She watched Clara as she said it. There were things Katie could be rather
brutal about.

"I'm sure that's very nice," said the woman who had divorced Wayne.

"Yes, isn't it? And other things are going swimmingly. One of those
things he used to be always puttering over--you may remember, Clara,
mentioning, from time to time, those things he used to be puttering
around with--has been adopted with a whoop. A great fuss is being made
over it. It looks as though Wayne was confronted with something that
might be called a future."

"I'm sure I'm very glad," said Clara, "that somebody is to have something
that might be called a future. Certainly a woman with barely enough to
live on isn't in much danger of being confronted with one."

Katie made no apology to herself for the pleasure she took in "rubbing it
in." She remembered too many things too vividly.

"It's pretty hard," said Clara, "when one has a--duty to society, and
nothing to go on."

Katie was thinking that society must be a very vigorous thing, persisting
through all the "duties" people had to it.

She smiled now in seeing that the thing which had brought her to Clara
that day was in the nature of a "duty to society" and that in her case,
too, a duty to society and a personal inclination moved happily together.

Katie was there that afternoon to buy Worth.

So she put it to herself in what Clara would have called her
characteristically brutal fashion.

She was sure Worth could be had for a price. She had that price and she
believed the psychological moment was at hand for offering it.

The reason for its being the psychological moment was that Clara wanted
to join a party at Nice and did not have money enough to buy the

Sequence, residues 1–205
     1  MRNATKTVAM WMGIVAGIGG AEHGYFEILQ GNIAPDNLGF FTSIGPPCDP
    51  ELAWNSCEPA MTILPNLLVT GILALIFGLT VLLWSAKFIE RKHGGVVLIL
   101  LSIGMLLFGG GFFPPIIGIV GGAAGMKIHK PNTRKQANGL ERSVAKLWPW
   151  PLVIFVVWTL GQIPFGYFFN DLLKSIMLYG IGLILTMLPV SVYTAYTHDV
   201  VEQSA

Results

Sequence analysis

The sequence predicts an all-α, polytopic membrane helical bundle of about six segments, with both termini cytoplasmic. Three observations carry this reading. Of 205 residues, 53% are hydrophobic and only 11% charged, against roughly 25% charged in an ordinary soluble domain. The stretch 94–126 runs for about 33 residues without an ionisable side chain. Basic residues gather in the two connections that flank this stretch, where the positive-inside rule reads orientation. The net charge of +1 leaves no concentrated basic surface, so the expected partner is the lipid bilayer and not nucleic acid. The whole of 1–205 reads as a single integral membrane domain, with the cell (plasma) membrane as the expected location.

clothes which would make her going worth while. For there was a man
there--an American, a rich westerner--whom Clara's duty to society moved
her to marry.

That was Katie's indelicate deduction from Clara's delicate hints.

And Katie wanted Worth. It wasn't wholly a matter of either affection or
convenience. It had to do, and in almost passionate sense, with something
which was at least in the category with such things as duties to society.
Worth seemed to her too fine, too real, to be reared by a "truly feminine
woman," as Clara had been known to call herself. Clara's great idea for
Worth was that he be well brought up. That was Clara's idea of her duty
to society. And it was Katie's notion of her duty to society to save him
from being too well brought up.

The things she had been seeing, and suffering, in the past year made her
feel almost savagely on the subject.

Katie had been there since October. Clara had magnanimously permitted
Worth to remain with his Aunt Kate most of the time, with the provision
that Katie bring him to her as often as she wanted him. This was
unselfish of Clara, and cheaper.

Clara's alimony was not small, but neither were her tastes. Indeed the
latter rose to the proportions of duties to society.

Katie knew it was as such she must treat them in the next half hour. She
must save the "maternal instinct" Clara was always talking about--usually
adding that it was a thing which Katie, of course, could not
understand--by taking it under the sheltering wing of the "child's good."

Katie knew just how to reach the emotions which Clara had, without
outraging too much the emotions she persuaded herself she had.

So she began speaking in a large way of life, how hard it was, how
complicated. How they all loved Worth and wished to do the best thing for
him, how she feared it must hurt the child's personality, living in that
unsettled fashion, now under one influence, now under another. She spoke
of Clara's own future, how she had _that_ to think of and how it was hard